The art of bonsai originated in the Far East, and although many assume it began in Japan, it is in China that bonsai first appeared. The Chinese were the first to plant miniature trees in small trays or pots, and to this day, bonsai still remains a part of Chinese culture, having a place in every Chinese community including places such as Taiwan, Thailand and Singapore
The word ‘bonsai' is derived from two words in Japanese, namely ‘bon' meaning a dish or tray and ‘sai' meaning a tree or plant. Thus, a bonsai is a tree, albeit a miniature tree, planted in a small container, but a small version of what we would see in nature.
Before the Japanese began to develop bonsai, the Chinese had already established it as an art form. They used the terms ‘pun-sai' and ‘pun-ching' to describe their creations. The word ‘pun-sai' is made up of very similar characters to that of the Japanese term ‘bonsai'; in this instance, it means a tree planted in a container without any landscape. ‘Pun-ching' however, means that the tree is planted in a container and landscaped by means of rocks and other features.
This early form of bonsai or ‘pun-ching' originated around the time of the Han dynasty (200 BC – 220 AD) when Chinese landscape artists began to design miniature versions of famous artificial rock gardens. At about the same time, we come across the first reference to ‘pun-sai' which came into its own during the Ch'in dynasty (221 – 206 BC). This may have been the beginning of pot plants, but it was to ultimately result in the miniaturization of trees. Some 200 years later, paintings from the T'ang period illustrate pines, cherry trees and bamboos all growing in small containers.
From this point onwards, both pun-ching and pun-sai evolved as a hobby, through to the period of the Ch'ing dynasty (AD 1644 – 1911). It was at this point in time, from the early to mid 17 th Century, that the Japanese began to take an interest in bonsai. Historically, it is recognised that the Japanese had been aware of this form of cultivation since the late 13 th and 14 th Centuries – ministers and merchants had already been introducing these miniature trees following their times in China. Even prior to that period, it is likely that Buddhist monks may have taken bonsai to Japan as early as the 10 th and 11 th centuries.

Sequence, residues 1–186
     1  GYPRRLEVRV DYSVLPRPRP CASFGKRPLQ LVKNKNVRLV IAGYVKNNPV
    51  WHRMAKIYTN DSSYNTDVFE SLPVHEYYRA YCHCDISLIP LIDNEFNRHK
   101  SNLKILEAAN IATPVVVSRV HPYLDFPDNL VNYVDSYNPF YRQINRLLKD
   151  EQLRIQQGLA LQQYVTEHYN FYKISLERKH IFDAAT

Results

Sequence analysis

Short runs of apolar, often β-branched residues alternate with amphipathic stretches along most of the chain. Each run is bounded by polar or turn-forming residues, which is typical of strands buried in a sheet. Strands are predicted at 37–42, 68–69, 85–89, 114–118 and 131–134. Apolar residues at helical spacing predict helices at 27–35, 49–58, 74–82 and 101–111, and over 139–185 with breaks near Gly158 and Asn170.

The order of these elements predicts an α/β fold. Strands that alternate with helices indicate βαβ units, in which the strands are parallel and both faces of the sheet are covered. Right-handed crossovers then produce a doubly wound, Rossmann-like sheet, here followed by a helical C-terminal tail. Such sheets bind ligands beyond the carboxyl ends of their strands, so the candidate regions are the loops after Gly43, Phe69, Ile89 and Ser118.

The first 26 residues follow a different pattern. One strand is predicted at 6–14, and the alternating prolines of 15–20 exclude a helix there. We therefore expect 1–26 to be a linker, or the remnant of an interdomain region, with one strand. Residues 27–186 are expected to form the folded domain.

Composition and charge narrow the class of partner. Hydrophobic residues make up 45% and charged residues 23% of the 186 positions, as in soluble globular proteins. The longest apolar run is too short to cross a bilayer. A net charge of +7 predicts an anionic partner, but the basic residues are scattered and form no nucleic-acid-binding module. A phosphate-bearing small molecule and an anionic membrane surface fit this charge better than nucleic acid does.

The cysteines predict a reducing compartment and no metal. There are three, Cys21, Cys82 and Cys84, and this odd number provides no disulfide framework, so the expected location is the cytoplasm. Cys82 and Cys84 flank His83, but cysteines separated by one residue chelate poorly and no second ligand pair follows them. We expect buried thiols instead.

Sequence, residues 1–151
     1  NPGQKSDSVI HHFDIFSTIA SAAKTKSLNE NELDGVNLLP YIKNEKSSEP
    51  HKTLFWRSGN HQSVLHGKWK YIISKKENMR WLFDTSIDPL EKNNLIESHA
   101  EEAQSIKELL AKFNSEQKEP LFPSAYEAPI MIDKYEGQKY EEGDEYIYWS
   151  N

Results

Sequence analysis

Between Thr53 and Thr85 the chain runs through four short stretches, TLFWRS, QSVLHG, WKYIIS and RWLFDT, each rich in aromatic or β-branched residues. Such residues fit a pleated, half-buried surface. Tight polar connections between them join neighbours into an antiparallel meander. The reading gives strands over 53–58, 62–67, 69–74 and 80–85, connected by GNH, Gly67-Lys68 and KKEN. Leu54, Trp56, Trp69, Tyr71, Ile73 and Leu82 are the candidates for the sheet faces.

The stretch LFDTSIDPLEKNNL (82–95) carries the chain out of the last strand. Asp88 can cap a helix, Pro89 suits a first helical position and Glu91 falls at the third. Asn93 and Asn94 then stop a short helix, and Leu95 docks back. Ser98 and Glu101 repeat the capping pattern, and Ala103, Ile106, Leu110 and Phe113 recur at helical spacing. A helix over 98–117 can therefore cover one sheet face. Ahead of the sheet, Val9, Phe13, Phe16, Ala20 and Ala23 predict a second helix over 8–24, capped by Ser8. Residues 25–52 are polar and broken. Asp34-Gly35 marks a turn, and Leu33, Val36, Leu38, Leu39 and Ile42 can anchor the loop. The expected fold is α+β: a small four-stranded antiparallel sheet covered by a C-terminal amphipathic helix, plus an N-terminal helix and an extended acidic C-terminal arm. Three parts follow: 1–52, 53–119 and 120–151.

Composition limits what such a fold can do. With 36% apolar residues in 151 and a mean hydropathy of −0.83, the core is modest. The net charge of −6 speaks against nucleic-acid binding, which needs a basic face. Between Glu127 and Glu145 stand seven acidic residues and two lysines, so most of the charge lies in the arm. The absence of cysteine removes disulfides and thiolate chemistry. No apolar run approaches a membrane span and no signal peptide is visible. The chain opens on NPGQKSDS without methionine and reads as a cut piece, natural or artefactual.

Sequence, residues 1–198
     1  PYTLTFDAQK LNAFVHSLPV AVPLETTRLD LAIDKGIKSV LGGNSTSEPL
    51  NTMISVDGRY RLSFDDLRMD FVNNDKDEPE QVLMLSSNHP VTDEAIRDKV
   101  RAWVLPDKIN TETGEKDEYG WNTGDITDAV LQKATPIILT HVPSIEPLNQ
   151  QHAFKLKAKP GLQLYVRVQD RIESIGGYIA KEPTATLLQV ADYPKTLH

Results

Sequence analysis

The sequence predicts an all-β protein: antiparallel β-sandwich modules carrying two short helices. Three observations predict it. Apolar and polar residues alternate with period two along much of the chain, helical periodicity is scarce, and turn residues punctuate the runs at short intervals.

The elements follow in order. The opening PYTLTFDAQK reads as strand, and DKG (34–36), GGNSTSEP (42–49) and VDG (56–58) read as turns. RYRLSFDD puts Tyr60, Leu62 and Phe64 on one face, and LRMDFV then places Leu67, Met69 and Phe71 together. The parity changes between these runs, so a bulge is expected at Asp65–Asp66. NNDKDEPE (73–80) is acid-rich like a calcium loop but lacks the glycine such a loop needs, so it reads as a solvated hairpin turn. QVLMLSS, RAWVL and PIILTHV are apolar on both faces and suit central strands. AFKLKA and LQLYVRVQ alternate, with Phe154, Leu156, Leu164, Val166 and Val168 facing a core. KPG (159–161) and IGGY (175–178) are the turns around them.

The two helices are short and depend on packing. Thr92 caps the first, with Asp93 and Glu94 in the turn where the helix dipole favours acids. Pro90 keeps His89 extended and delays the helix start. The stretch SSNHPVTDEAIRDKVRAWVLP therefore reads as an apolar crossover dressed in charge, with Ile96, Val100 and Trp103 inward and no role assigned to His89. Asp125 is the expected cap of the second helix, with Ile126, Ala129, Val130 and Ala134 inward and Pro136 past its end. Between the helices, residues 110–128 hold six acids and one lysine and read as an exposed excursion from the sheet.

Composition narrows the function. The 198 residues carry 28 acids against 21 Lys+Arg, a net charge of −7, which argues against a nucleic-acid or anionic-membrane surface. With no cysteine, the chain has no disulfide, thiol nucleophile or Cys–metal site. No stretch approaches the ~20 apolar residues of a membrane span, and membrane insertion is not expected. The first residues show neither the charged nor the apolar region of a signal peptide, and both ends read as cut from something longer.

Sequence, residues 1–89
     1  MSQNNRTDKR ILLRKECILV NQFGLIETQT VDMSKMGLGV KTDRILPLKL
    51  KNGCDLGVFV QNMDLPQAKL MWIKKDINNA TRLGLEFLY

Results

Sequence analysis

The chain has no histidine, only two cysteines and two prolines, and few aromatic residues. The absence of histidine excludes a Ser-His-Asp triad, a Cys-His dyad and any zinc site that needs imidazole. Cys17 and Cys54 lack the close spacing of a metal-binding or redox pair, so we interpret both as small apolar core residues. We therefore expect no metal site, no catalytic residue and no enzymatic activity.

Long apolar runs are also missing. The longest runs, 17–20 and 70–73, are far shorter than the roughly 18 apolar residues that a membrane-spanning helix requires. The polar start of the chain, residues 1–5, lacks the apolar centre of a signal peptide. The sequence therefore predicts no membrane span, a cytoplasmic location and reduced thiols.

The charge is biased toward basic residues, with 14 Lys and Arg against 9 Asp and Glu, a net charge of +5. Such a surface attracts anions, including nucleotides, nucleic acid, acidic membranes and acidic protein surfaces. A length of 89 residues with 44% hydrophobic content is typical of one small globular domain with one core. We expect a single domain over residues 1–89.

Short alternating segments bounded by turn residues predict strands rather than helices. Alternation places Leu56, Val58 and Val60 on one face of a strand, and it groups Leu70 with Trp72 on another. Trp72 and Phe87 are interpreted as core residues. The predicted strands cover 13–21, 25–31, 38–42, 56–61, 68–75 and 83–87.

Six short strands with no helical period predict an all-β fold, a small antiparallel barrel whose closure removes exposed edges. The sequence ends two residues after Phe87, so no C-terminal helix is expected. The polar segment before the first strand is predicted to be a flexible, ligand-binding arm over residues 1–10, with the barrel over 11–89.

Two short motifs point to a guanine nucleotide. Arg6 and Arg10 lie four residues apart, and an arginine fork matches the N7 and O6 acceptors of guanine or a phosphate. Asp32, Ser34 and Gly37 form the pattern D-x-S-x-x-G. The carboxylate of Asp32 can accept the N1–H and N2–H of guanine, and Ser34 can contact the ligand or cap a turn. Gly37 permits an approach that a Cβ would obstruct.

The earliest illustrations of bonsai in Japan are from around 1300. It is however from the mid-18 th century that Japanese bonsai progressed to the refined form which we now come to recognise and the term ‘bonsai' is increasingly found on the scrolls of 19 th century landscape paintings. Also, interest in bonsai was slowly but surely, increasing in the West. During the early 20 th century Anglo-Japanese Alliance, Japanese bonsai were exhibited in the United Kingdom.
One of the significant events for bonsai took place in March 1934 when the first Kokufu-Kai exhibition was held in Ueno Park, Tokyo. This exhibition was to provide bonsai with an increased status, allowing it to become a respected art form. Thereafter two such exhibitions were held in Ueno Park, one in the spring and one during autumn, these being suspended only during the Second World War, and resuming in 1947.
It is largely through the Japanese and their manner of developing this art form that bonsai were introduced to the West. Japanese bonsai appeared first in Paris at the World Fair of 1878 and again appeared in London in 1909. It was, however, not until after the Second World War, that the upsurge of interest in bonsai was to take a hold in the West. Initially this interest began in the United States, due to American forces occupying Japan. Soon after, the first bonsai societies appeared in the United Kingdom during the late 1960's and early 1970's. Today, there exist over ninety bonsai societies within the country, and each year, a number of bonsai exhibitions take place which always prove a popular attraction.